Dec 08, 2017 | By Carlene Thomas Bailey
Oct 14, 2015
Irish Design 2015 has collaborated with makers of many different disciplines to re-imagine the souvenir – taking it from kitsch impulse buy to a poetic, finely crafted object. Launched during the London Design Festival last month, The Souvenir Project is a collection of homewares and accessories that wear their heart on their sleeve – each piece is rooted in the culture, landscape and textures of Ireland.
Coming at a time when both design and retail are becoming more localised – celebrating slow living, craft and making – the project is a poetic exploration of what it means to come from somewhere, to belong there, and to consider it your homeland.
Each thoughtful piece interprets the idea of the souvenir in a different way. There are screen-printed Irish linen textiles that take mark-making inspiration from the island’s dry stone walls; a honey pot made with clay, wax and honey all sourced from the same single field; crystal vases etched with interpretations of each of the different Irish expressions for rainfall; and a modern interpretation of an ancient Irish board game, Boardum, which gathers 13 compressed peat playing pieces on a wool felt mat.
Ibi, designed by Cathal O’Connor and Peter Sheehan, is a personal highlight: a sound souvenir enabling travellers to record a precious audio memory of their trip, capturing it inside the wooden vessel to replay whenever they would like to return to that moment.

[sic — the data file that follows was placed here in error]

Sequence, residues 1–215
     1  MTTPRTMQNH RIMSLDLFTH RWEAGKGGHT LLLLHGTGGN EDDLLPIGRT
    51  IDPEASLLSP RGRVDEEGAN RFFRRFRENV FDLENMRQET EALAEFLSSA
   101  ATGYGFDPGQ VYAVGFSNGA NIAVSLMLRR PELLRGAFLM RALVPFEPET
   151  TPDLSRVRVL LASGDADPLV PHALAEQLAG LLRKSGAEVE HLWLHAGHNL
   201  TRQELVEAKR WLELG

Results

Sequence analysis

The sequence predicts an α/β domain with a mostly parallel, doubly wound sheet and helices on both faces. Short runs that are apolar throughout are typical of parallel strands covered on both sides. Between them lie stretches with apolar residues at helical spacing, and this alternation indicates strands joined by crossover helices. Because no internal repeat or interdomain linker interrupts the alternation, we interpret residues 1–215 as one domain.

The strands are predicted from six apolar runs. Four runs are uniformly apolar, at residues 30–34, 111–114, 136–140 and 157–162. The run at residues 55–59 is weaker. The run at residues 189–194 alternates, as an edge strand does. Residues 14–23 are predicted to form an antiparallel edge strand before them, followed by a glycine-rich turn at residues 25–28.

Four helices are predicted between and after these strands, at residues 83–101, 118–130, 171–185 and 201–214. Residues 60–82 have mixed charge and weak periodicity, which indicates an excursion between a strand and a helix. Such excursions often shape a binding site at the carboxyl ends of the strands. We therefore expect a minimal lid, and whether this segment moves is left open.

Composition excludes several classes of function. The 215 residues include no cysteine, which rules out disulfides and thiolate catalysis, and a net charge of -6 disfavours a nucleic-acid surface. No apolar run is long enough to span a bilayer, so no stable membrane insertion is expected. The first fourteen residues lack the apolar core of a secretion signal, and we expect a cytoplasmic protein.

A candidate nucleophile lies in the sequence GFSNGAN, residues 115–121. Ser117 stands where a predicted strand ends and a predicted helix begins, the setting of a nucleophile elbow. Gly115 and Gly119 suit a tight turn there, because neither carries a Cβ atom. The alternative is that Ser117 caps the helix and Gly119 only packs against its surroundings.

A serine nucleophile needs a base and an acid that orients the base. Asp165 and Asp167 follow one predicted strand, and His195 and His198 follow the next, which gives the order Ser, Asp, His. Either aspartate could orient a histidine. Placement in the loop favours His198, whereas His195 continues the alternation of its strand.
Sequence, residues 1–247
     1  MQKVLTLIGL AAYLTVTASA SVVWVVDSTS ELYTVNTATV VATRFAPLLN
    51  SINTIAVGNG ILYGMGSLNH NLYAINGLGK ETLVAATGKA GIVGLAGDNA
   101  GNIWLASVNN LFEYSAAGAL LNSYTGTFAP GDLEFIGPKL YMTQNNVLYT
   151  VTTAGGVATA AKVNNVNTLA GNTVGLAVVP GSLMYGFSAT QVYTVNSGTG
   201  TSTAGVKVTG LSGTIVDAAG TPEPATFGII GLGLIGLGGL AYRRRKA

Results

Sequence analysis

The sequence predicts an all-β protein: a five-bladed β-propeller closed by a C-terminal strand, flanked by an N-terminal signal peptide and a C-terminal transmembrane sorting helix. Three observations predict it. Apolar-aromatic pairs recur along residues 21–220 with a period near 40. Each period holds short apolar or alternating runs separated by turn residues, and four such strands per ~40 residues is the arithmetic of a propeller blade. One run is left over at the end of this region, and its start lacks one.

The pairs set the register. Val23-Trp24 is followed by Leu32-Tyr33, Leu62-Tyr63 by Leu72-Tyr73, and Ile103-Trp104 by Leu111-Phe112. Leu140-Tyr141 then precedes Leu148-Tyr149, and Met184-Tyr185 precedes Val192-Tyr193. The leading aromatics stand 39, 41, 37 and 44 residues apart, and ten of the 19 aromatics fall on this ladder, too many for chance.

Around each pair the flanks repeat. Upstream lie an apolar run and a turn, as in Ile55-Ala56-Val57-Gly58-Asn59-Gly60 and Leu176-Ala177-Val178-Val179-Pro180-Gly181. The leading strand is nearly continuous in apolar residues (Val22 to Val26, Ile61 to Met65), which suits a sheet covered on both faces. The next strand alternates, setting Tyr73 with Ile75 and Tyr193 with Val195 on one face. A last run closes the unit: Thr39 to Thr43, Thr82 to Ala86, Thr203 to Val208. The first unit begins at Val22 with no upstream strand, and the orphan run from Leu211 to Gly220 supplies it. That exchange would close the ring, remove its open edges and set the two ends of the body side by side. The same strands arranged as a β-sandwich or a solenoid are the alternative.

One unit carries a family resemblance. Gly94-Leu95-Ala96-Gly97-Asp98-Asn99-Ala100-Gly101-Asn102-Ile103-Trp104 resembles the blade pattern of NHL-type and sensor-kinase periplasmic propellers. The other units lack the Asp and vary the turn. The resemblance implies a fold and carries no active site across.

The political landscape also comes into play: animator Johnny Kelly created the Rainbow Plate to celebrate Ireland’s May referendum on same-sex marriage, with a joyfully bright expression of traditional sponge-ware patterns.
Rounding off the collection is the Measc cocktail muddle, made with Irish sycamore and brushed brass, and inspired by the landscape of West Galway; and The Sally – a characterful bag tassel crafted from 100% Irish wool by The Tweed Project.
And last, but not least – perhaps even best of all, if you’re as whimsically-inclined as me – is Lumper, a bronze rendition of the hardy tuber that once ruled Ireland’s food culture.
The project’s curator, Makers & Brothers co-founder Jonathan Legge, says of the project: “A souvenir is so much more than useful or beautiful; it is a loved object laced with emotional associations. This collection of new Irish souvenirs carefully explores this thinking, filtering it through the local context, embracing the subtleties of the land, weather, histories and people. It is a gathering of objects with meaning and depth that softly speak of a time and place.”
We say: By making a product very specialised to one place, you often end up giving it global appeal.
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